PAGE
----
Storyworks Monthly – A Review

Storyworks Monthly #2Storyworks Monthly #2 by Stephen J. Carter
My rating: 5 of 5 stars

I’m kind of in awe of Stephen. In Storyworks Monthly 1, he set out his ambition to emulate the pulp fiction writers of old, the folks that were churning out more than a million words a year. It looks as if he’s on his way to that target.

Storyworks Monthly 2 continues on the same theme as number 1 – the writer gives you various flavours of his craft, from the short story to an ongoing novel and an end part that delves into the craft of writing. I’m a big fan of Stephen’s short stories, and that’s not a recommendation I make lightly as I don’t often choose to read short stories. Stephen uses his skills with words to craft the world that appears in front of you easily and quickly. This is particularly the case with The Shard, Gudrun’s story and The Forever Cloud. Stephen has a real gift for description, again something that isn’t easy to do.

{Note to author – you MUST do more with Gudrun.]

I’m not entirely convinced that it’s a good idea to include parts of a novel (Descent on Abuwesi) in this collection, as the new reader won’t be familiar with it from SWM part 1, and the old reader might have forgotten bits of it. Nevertheless, Stephen’s talent for writing still makes it worth pursuing.

Part 2 of the inciting incidents is very useful for all potential authors (myself included), as it gives guidance to how films work – and thus plotting. I have found Stephen’s explanations of films hugely beneficial in the past. When you understand the tipping point/inciting incidents thing, you’ll be able to write much more concisely and precisely.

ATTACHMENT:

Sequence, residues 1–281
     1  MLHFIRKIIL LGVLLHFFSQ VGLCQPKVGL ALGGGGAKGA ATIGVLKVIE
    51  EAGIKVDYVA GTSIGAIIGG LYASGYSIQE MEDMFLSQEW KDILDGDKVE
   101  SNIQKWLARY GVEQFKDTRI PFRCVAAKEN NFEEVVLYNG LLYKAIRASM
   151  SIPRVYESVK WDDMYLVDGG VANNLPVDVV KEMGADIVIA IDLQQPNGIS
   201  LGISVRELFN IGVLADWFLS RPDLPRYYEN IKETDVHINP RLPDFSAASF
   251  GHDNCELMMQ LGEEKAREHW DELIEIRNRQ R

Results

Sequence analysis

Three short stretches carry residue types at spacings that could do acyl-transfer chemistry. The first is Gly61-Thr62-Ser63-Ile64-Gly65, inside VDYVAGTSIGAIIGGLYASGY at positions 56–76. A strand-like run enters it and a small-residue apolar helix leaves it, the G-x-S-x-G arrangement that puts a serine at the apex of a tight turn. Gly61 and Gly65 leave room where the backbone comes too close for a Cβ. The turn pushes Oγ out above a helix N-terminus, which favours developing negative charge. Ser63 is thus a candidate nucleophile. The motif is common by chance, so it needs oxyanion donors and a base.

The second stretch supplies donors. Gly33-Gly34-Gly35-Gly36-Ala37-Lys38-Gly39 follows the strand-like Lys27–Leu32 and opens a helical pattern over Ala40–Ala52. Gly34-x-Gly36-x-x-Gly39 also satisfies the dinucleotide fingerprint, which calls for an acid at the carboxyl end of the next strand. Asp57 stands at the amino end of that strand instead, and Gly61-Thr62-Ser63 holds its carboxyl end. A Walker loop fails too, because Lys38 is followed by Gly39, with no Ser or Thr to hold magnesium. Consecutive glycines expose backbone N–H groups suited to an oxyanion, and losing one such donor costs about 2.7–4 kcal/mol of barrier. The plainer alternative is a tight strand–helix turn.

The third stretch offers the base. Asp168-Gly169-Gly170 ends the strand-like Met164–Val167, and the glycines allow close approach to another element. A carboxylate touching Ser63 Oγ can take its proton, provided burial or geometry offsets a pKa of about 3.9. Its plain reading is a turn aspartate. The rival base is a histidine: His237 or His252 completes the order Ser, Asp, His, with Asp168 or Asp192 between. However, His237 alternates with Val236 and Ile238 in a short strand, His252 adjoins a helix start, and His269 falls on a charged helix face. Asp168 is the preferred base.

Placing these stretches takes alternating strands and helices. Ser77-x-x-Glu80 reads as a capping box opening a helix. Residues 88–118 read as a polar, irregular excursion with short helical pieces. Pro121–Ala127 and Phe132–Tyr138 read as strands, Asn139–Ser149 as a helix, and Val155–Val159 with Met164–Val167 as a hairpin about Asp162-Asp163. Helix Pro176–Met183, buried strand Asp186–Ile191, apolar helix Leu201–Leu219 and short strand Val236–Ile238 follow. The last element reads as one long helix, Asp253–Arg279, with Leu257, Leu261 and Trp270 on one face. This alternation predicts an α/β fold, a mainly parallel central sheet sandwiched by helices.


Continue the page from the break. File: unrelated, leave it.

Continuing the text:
View all my reviews

Fates and Furies – a Review

Fates and FuriesFates and Furies by Lauren Groff
My rating: 5 of 5 stars

Fates and Furies divided our book group – an even split between those who loved and hated it. I fell into the former camp, as I adored the book.

Lauren Groff’s tale tells the story of a marriage and how different it is to the two protagonists. The first part of the book ‘Fate’ tells the story from the husband’s point of view. Lancelot Satterwhite comes from a wealthy background but manages to alienate himself from his widowed mother. His marriage to Mathilde drives further distance between the two, but after a shaky start to his working life, after his mother cuts him off, Lancelot (or Lotto) discovers a talent for playwriting and establishes a wildly successful career, albeit with a few hiccups along the way.